Empire ravaged by plagues, loss of population and social disorder. 94 This measure de facto safeguarded property rights in a period in which it might have been especially difficult to establish them in law courts. In the 3 rd century AD, this one- time emergency measure became a permanent legal institution. 95 Of course the legal measure as such was not always admired among modern civil lawyers, especially not for immovables. Some of them declared that it could be summoned as an institution that “deprives an owner of his property if another has been in possession of it long enough”. 96 Henry Ballantine commented that “it sounds at first blush like title by theft or by robbery, a primitive method of acquiring land without paying for it.” 97 However, Sir Oliver Holmes found a (more morally than legally based) justification: “It is in the nature of man’s mind. A thing which you have enjoyed and used as yo ur own for a long time … takes root in your being and cannot be torn away without your resenting the act trying to defend yourself … The law can ask no better justification than the deepest instincts of man.” 98 Already the Roman jurists found a similar expl anation for the phenomenon of usucapio (acquiring ownership by use): 99 Usucapio was introduced for the public good, to wit, that the ownership of certain things should not be uncertain for a long period, possibly forever, granted that the period of time prescribed should suffice for owners to inquire after their property.” De Soto held that the purpose of legal institutions as usucapio was “the public good, that is, that ownership shall be certain, and errors shall be undone through the passage of time, and the possession of things shall be secure.” 100 Obviously, as justification for acquiring ownership by prescription it was sufficient that land should belong to the person who is cultivating it (who is putting it to a productive use) and

94 Nörr 1969 : 74 - 78.

95 Later, several responses, prepared by famous jurists, limited the application of longi temporis praescriptio; see Nörr 1969 : 91 - 95.

96 Gordley 2006 : 140.

97 Ballantine 1918 : 135.

98 Holmes 1897 : 457.

99 D. 41.3.1 Gaius; translation Crook 1967 : 140. 100 De Soto, De iustitia et iure , lib. IV, q. 5 – the citation follows Gordley 2006 : 140. Gordley underlined that prescription is less important in a legal sytem, which has a registration system about landed property. German law (and most civil law countries) do have it, but it is lacking in common law – see Gordley 2006 : 140.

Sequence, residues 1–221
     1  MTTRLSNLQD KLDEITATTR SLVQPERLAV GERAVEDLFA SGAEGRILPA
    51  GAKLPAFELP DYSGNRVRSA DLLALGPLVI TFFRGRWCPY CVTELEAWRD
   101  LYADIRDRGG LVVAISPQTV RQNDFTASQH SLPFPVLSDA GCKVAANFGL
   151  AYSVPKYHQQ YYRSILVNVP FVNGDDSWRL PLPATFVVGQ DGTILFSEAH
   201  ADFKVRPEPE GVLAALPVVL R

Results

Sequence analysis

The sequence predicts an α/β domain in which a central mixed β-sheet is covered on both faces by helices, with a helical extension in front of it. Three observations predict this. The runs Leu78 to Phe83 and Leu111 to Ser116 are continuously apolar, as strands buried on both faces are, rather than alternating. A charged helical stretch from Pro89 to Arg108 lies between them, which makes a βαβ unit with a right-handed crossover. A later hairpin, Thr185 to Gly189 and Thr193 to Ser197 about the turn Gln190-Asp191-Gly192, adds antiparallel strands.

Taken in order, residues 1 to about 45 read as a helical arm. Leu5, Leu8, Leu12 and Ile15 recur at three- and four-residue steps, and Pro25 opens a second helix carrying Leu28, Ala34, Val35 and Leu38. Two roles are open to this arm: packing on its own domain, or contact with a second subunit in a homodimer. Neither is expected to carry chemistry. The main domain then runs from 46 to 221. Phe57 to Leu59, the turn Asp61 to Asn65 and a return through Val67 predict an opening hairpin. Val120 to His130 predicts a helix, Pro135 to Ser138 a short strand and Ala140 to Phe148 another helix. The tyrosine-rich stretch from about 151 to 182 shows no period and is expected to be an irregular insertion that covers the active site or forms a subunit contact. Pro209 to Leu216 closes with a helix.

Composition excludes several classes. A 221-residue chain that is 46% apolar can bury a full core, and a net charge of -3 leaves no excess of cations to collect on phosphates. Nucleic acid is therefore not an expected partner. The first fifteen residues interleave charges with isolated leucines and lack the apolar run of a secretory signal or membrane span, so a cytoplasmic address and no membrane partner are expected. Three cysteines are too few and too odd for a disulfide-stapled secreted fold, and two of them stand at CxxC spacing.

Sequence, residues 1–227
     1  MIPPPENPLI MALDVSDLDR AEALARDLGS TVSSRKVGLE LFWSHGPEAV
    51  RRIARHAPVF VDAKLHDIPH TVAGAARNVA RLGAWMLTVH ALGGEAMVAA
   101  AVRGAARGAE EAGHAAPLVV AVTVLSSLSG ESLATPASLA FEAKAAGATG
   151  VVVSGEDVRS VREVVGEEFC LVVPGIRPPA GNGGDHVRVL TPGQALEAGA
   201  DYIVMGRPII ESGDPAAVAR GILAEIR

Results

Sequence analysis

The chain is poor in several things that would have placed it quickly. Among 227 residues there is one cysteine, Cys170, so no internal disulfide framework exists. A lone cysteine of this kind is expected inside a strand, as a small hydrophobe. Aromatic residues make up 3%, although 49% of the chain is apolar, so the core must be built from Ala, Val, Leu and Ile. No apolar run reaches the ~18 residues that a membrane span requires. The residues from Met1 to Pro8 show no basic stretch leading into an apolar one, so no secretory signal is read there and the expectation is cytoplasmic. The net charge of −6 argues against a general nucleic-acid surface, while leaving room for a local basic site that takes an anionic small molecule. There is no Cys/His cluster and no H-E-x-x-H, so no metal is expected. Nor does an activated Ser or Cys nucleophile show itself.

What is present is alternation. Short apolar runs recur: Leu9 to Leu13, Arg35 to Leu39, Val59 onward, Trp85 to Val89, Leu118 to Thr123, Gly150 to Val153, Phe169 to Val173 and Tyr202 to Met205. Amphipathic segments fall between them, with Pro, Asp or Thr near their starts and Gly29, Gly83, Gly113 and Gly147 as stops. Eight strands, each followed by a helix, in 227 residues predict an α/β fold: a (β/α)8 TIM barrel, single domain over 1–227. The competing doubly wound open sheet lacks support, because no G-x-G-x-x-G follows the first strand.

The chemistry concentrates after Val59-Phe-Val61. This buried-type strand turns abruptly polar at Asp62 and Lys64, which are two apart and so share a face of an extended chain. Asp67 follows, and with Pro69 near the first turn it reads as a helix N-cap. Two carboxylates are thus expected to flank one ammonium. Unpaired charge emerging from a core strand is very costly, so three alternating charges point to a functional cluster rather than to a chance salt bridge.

not to an absentee owner who does not care about it. 101 Speaking in terms of NIE, one can state that property rights – rights that “people have over assets (including themselves and other people) are not constant; they are a function of their own direct effort at protection, of other people’s capture attempts, and of government protection.” 102 Property rights concern the whole institutional environment (not merely the public approach).

Ad b) Ownership in its economical context Finally, it is worth looking at ownership as a set of property rights that create a legal environment providing incentives for maximizing the exploitation of agrarian land. As a starting point we refer to the pragmatic definition of ownership proposed by Barzel: “Property rights of individuals over assets co nsist of the rights, or the powers, to consume, obtain income from, and alienate these assets. Obtaining income from and alienating assets require exchange; exchange is the mutual ceding of rights.” 103 How did ownership serve as a legal environment for explo iting natural resources – focused on agrarian land? It can be supposed that the bundle of property rights, as fixed by classical Roman law, tended to offer institutional structures that enhanced the wealth- producing capacity of Roman society. These institu tional structures were developed, as the following short survey tries to show, by the Roman jurists. In deciding on actual trials or formulating systematic theories, they were keen to complete the legal framework for the sake of a more efficient allocation of resources. Posner and Parisi 104 grouped the modern principles of property law under the heading of its physical, functional and legal unity. I will arrange my arguments according to this concept. I argue that legal rules concerning ownership were partly restrictive (setting limits to the so called unlimited rights of the owner), partly extensive (ensuring him additional rights for rural exploitation). First of all, Roman law addressed the problem of physical unity with rules restricting horizontal partitions of property. Ownership of land existed on a specific horizontally delimited